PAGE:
One of the most disturbing elements of our nation’s increasingly polarized politics is the labeling of compromise as a characteristic of weakness, as opposed to one of effective government in reconciling views of a divided electorate. That’s why it was such a pleasant and reassuring surprise when state and local Republicans and Democrats worked out a deal in Madison that averted a fiscal meltdown for Milwaukee’s two largest local governments and showed that the art of compromise hasn’t been abandoned.
In April, Forum research highlighted how lagging pay for Wisconsin’s assistant district attorneys and public defenders is a growing problem, particularly as criminal case backlogs rose during the pandemic.
Our report on this topic noted how pay for these vital roles has sharply lagged inflation during the last decade and the salaries for many other jobs for attorneys, even as turnover and workloads for these positions have increased. The report received widespread media coverage and was cited by members of the state’s criminal justice community.
Weeks later, the Wisconsin Legislature’s budget-writing committee adopted a legislative motion that would increase base pay for assistant district attorneys and public defenders from $27.24 an hour to $36 an hour.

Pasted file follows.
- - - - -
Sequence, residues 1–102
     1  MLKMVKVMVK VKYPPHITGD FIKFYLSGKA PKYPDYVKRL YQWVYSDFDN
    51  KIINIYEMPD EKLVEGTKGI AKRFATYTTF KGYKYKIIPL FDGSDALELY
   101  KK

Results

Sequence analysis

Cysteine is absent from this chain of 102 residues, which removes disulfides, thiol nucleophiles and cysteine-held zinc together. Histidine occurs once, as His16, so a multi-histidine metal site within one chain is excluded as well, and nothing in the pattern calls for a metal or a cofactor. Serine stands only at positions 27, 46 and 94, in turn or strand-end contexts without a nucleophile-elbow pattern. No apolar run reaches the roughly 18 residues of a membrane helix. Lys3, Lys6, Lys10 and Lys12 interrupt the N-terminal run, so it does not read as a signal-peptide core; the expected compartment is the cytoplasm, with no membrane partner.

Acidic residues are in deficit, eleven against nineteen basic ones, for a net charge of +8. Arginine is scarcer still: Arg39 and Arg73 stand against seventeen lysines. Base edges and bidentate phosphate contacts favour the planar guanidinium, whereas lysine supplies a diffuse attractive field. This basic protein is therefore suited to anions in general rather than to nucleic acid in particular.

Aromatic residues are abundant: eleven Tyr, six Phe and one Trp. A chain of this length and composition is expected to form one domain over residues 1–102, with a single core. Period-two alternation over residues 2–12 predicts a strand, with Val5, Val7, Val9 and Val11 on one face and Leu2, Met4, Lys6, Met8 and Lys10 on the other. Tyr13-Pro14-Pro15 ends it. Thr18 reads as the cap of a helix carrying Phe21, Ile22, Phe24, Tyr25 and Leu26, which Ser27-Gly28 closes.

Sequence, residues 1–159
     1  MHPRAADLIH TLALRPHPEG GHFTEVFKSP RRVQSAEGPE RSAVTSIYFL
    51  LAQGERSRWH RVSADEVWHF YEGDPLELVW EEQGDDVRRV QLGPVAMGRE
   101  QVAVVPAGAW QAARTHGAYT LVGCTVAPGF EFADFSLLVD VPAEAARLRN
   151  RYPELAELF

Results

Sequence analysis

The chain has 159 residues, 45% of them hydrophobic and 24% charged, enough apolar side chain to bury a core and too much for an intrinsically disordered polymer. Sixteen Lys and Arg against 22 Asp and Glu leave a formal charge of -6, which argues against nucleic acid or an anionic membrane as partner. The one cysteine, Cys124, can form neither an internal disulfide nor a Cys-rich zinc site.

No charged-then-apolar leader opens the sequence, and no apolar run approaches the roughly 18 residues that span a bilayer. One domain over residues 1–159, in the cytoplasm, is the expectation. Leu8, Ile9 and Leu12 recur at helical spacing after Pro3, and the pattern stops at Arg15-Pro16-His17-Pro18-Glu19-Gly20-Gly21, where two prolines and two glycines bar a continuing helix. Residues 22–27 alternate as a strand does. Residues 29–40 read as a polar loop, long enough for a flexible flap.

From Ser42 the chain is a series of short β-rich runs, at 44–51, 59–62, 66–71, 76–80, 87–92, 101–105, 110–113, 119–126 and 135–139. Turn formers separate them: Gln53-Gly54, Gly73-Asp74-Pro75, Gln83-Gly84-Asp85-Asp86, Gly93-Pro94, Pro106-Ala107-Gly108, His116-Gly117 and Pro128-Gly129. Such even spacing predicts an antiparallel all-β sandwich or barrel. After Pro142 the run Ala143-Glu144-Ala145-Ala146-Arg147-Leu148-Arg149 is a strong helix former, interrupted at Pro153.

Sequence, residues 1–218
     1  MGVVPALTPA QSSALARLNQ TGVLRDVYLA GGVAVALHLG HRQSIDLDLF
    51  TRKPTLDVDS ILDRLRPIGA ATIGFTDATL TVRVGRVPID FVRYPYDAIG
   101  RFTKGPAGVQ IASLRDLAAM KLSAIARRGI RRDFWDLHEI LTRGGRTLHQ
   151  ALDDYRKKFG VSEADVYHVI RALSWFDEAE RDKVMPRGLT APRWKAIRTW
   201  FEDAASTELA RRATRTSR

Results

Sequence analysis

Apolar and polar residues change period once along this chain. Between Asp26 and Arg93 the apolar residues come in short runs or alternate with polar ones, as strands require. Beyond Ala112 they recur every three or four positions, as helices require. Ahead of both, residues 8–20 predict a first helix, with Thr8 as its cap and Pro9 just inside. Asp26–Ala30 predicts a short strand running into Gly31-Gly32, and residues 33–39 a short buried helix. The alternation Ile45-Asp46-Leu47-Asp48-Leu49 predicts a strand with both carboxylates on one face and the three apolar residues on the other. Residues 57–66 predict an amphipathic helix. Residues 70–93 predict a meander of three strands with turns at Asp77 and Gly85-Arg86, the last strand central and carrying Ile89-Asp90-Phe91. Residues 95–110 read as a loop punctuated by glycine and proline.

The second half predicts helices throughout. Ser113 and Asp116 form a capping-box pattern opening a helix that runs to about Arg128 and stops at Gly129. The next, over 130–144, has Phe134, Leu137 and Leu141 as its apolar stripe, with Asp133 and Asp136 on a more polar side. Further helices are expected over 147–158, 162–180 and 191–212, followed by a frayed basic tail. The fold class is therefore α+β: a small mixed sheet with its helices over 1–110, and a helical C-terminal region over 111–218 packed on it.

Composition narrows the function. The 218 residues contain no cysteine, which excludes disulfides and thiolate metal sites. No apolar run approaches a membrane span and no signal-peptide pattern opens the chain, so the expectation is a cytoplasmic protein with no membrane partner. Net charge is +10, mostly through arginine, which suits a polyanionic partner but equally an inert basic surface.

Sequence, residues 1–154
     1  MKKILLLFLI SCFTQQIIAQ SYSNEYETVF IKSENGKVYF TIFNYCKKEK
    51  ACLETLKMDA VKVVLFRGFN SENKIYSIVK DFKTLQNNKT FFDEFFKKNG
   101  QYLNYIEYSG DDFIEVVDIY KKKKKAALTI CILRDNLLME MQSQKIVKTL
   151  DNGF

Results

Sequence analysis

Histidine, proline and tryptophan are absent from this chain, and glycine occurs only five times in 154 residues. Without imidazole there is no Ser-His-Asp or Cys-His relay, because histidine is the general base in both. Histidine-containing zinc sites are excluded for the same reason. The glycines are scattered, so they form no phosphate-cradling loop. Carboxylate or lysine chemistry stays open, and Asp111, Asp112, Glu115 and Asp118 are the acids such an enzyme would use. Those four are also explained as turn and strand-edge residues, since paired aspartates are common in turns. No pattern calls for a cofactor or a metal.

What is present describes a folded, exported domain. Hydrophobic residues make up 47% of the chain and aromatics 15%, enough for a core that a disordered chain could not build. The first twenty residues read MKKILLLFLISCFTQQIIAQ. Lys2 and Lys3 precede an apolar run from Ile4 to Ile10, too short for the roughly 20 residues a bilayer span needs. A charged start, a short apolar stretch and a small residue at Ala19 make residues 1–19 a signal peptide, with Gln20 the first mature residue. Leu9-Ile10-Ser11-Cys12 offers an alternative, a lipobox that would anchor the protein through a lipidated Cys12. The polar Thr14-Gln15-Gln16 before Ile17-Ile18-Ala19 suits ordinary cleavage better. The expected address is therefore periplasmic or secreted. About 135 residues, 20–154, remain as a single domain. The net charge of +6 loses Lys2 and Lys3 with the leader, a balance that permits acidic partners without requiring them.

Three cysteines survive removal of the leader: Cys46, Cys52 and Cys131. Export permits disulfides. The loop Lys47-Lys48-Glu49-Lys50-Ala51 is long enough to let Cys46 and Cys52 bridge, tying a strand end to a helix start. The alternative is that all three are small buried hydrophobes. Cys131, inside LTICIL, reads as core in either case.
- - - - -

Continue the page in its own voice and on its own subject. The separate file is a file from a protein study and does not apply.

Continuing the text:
This legislation still awaits passage in the full Legislature and the signature of Gov. Tony Evers. Still, its unanimous passage in the budget committee signals the breadth of support across party lines for meaningful pay increases for these public servants. And it shows how our timely report topics are carefully chosen to ensure maximum relevance and utility amid ongoing state budget debates and discussions.
In recent weeks, Wisconsin media outlets have relied more than ever on Forum research and experts to help readers, listeners, and viewers understand complex issues related to state finances — as well as the budget crises facing the city of Milwaukee and Milwaukee County.
The increasing frequency with which our research and expertise on these topics have been highlighted came as state lawmakers ratcheted up debate over the next state budget. The Forum’s work on Milwaukee city and county finances has been particularly indispensable to southeast Wisconsin media to explain the severity of reductions to parks, transit, and public safety services that could materialize in 2025 and beyond if local budget challenges are not addressed.